The book falls into four main divisions: “American Painting Today,” “The Profession of Poetry,” “War of Phantoms” (pieces concerned with Marxist methods and issues, plus an excellent study of dramatic conversion patterns), “The Herd of Independent Minds” (pieces concerned with mass culture and problems raised by our managerial society). Its central theme is self-transformation and transformation of others, and these symbolic actions are set over against the numberless accommodation formulas devised by a society which insists, inexorably, on the individual’s conformity to the status quo ante. The old in the guise of the old being largely discredited today, Rosenberg concentrates on the more insidious—and more fashionable—alternative: the glitter of novelty playing about the surfaces of decay and obsolescence, sheep instinct strutting about in lone wolf’s clothing. He spends a great deal of energy on the exposure of this fraud, whether it happens to take place in art, in ideology or—all but unconsciously—in the operations of our social machinery; stokes the fires, tirelessly, on behalf of a humanity which he conceives in terms of maximum breadth and discusses with a minimum of sloganizing or other political clap-trap. The strenuous, coaldust-stained countenance of his style bears witness to his commitment, and one gladly forgets his occasional arrogance (we are daily tortured with humility, both true and mock) and his brassy approach to matters that could be handled with greater discretion. Rosenberg has all the requisites of the first-rate pamphleteer: conviction, raw indignation, a cutting edge. It is good to hear him blurt out his discontents so passionately and, at the same time, so shrewdly, against the daily din set up by bland world-reformers, nervous status quo-ists, and brutal spokesmen for ideological repression.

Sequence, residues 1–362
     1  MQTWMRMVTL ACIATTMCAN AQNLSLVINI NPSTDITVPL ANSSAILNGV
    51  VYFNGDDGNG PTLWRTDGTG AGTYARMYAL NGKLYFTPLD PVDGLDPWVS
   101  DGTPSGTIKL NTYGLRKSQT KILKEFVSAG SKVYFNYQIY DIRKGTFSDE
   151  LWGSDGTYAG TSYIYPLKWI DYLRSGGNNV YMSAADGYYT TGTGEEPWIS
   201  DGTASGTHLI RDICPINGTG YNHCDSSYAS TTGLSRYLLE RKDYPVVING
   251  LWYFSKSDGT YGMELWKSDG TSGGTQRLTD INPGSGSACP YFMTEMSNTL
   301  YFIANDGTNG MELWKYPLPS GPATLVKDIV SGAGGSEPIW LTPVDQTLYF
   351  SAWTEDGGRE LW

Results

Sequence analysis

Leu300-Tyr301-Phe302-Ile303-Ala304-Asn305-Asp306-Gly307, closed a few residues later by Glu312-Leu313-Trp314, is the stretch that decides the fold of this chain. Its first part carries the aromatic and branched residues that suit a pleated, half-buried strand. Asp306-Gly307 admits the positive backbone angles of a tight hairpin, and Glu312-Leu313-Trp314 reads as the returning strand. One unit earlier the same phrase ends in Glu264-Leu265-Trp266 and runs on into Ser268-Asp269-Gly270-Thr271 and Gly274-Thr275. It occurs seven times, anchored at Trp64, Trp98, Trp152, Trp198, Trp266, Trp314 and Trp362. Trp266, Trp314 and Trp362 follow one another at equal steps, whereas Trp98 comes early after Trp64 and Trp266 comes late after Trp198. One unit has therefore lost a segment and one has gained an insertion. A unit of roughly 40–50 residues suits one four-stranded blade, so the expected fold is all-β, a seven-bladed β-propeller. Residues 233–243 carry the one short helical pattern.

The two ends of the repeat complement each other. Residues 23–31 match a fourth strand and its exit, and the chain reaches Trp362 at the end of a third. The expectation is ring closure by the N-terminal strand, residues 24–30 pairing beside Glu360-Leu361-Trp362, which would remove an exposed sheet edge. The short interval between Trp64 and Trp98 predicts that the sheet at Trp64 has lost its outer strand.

As a writer, Rosenberg is hard-hitting and acute rather than subtle, very good at seeing things contextually and synoptically, and (like all anti-ideological ideologists) as impatient of the purely factual as he is of the superstructures. His literary method is a supple and in the main reliable vehicle for his ideas, though at times the two can be remarkably at odds: he will present a substantial notion in a brusque, rough-and-ready manner, or a highly dubious one with great precision of phrase and an exquisite sense of nuance, and think nothing of it. His famous piece on the American action painters well illustrates the second failing; his piece, “Pop Culture: Kitsch Criticism,” the first. In the essay on American painting, art as métier is discounted to be re-established as symbolic action: the painter’s increase in perception and moral judgment—in realized identity, in short—which has traditionally been regarded as a by-product of the successful art work now comes to be viewed as the artist’s principal aim, while the work itself is reduced to the role of an auxiliary, or catalytic agent, in the process of self-transformation. Rosenberg argues his case brilliantly, and his formulations are not only apt but often very moving; all the same, the position is unsound, a queer compound, and consequent garbling, of Dewey and the Aristotelian notions of praxis and catharsis; and by setting up psychological change as an ultimate—the supreme sanction of both the artist and the work—Rosenberg drops one half of a dialectic which is essential to the human condition and which, for better or worse, will continue to be so. This piece is certainly more than an ex post facto justification of Abstract Expressionism, New York variety; more than a convenient credo provided by an expert in words for men excelling in a different branch of art. Rosenberg is too honest to sink himself into the role of impresario: he doubtless speaks on his own behalf as well as on behalf of his friends. Yet what he says adds nothing new to our understanding of the artist’s particular agon, or agony; tells us nothing new about the character of aesthetic judgment (except, perhaps, that it should be suspended, or else measure art in units of psychic intensity, ardor of conflict). The old “man vs. work” dialectic remains exactly where it was before Rosenberg set to drafting his manifesto.